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The Lost Art of Reading

Essay on the Modern Viewpoint on Literature

Bright digital light shines from all corners, projections of images filling the room like an endless flood. A once happy place filled with laughter and joy and hope now holds loneliness, disconnect and distrust. Four walls, four screens, one box with lovers who have turned to strangers. These are what Ray Bradbury called parlor walls. Television screens the size of a living room wall. Imagine living in the 1950s and welcoming this into your home. Thinking about it as a millennial in 2017 is absurd. We all know of the television and we all own one or two or maybe even three of them. Having a t.v that size is like a dream right? Having a whole room with images coming at you from every corner. News, entertainment, pop culture all presented to you whether you like it or not. No escape no way out. That is something I’m sure is not too hard to imagine. That would be because we already living like like that. That is the world we have created. This almost magical screen is what makes it possible for us to have all the gadgets in our pockets. This makes it very hard to fathom what life was like before we had all this technology. To think that instead of mindlessly keeping our eyes glued to a screen we had the power to know every wonder there ever was just by picking up a book.

Three years into this brand-new decade of change, Ray Bradbury published his epic novel Fahrenheit 451. This whistleblowing piece of art would shine a light on the road the human race would be led down if we were not careful. One what would bring us to a society that kept its people on a short leash. Keeping us under control and away from biggest form of freedom and knowledge; books. Books would not only be illegal but burned, erased from the world and kept hidden from those not yet old enough to learn what they really are. People have no escape from the reality built around them. They forced to stare mindlessly at screens until they believe that what are told is the truth and the only truth. There is no other life and if you search for one you too will be erased. No longer a part of the world, just like those precious books. This society that Bradbury created was intended to show the public what happens when we are not in control when we give up our freedom and our voices to have shiny new toys. It was meant to be fiction not a premonition.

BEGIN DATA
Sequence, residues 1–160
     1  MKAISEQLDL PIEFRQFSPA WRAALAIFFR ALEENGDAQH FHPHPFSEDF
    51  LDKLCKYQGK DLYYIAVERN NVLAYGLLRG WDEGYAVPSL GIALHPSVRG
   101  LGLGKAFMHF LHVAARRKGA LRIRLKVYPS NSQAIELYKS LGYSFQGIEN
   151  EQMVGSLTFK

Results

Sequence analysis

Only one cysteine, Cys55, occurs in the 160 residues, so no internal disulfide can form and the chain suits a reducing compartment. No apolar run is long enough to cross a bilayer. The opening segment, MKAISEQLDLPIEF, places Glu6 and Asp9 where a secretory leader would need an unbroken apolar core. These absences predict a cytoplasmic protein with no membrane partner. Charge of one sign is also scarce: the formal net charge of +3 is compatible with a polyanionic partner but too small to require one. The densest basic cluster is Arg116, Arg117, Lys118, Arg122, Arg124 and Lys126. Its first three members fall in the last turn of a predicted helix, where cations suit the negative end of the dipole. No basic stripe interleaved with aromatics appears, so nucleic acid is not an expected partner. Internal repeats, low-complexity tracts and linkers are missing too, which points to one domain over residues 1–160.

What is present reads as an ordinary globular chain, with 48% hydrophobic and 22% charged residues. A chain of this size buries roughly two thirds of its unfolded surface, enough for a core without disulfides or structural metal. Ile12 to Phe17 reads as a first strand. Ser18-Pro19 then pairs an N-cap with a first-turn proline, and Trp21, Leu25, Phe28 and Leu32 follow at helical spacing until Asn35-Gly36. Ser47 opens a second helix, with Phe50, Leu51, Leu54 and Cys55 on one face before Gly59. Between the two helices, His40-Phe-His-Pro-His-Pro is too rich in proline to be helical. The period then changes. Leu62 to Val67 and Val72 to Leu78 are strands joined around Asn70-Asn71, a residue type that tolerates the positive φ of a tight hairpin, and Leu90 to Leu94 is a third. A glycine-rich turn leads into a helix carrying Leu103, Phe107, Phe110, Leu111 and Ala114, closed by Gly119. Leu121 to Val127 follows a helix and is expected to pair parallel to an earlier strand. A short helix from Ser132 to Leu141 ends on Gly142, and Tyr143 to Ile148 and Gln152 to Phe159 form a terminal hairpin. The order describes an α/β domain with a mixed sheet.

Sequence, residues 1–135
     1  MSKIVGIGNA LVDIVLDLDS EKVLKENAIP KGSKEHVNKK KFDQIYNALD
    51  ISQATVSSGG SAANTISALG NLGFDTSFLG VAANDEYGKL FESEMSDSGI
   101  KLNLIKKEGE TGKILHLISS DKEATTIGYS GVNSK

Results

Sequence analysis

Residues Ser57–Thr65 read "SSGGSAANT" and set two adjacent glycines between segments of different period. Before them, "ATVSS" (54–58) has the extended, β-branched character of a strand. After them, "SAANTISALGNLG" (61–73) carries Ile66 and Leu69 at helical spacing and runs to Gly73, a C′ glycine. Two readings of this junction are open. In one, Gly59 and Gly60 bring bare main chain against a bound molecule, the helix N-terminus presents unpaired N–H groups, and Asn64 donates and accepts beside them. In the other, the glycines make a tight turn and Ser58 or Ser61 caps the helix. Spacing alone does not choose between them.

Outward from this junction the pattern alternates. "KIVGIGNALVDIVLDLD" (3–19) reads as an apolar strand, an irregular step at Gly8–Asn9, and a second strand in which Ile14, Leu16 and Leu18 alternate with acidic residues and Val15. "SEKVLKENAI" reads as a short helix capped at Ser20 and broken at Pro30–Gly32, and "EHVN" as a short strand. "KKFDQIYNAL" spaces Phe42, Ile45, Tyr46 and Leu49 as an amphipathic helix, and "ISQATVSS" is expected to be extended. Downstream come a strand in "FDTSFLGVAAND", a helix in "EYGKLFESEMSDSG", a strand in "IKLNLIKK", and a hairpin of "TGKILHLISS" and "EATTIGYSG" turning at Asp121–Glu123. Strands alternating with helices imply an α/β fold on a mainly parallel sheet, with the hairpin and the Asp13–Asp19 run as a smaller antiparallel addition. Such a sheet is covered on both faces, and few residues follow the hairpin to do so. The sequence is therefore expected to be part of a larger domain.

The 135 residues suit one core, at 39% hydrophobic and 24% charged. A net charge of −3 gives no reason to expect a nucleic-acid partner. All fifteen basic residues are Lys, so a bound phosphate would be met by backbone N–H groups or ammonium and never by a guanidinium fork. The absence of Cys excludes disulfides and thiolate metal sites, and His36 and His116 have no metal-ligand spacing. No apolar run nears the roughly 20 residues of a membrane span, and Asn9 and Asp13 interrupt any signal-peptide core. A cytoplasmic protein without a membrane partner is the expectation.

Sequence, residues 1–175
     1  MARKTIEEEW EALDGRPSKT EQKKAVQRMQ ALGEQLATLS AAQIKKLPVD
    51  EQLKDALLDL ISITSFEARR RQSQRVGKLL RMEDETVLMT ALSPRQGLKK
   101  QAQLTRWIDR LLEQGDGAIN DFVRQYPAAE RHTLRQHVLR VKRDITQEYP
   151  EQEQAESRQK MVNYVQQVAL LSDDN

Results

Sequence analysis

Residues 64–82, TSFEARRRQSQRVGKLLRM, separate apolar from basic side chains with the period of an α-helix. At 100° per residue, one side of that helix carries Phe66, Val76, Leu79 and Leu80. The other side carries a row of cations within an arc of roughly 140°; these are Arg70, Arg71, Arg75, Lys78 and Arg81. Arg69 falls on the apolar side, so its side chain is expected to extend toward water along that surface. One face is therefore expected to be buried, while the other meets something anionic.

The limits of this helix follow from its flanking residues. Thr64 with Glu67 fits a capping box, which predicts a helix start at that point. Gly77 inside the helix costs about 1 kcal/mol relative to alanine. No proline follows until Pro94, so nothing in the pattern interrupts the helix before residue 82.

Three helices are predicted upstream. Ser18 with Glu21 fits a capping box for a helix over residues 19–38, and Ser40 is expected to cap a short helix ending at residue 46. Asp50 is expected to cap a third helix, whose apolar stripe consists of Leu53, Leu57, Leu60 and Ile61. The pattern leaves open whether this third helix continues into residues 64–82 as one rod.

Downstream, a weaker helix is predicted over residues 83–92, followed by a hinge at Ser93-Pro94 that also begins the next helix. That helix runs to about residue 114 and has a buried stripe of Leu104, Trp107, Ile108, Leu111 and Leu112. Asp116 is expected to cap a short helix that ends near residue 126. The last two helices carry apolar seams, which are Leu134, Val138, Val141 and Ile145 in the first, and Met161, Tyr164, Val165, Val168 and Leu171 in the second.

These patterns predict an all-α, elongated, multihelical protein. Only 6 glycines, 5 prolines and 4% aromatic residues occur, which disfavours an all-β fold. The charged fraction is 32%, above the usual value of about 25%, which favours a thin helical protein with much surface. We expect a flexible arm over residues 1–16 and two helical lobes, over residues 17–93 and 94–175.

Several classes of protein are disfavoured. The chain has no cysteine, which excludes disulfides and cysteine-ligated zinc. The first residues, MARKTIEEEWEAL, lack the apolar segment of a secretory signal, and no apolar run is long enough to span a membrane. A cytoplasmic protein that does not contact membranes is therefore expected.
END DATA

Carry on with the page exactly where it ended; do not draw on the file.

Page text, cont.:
Andrew Perrin wrote an article in 2016 entitled "Who Doesn’t Read Books in America," which discussed a decline in reading books amongst American adults. Perrin states in his article that “men, Hispanics, older adults, those living in households earning less than $30,000 and those who have no more than a high school diploma or did not graduate from high school are the most likely to report they have never been to a public library.” His feelings show how those who are uneducated are the ones who aren’t exposed to the power of books. These Americans never had the chance to learn how to even read and understand the messages hidden within literature. Their freedom to explore and think on a large scale was taken from them due to their lack of resources. This is just a stepping stone that leads to the “fictional” society that Bradbury created 63 years prior to the due of Perrin’s article.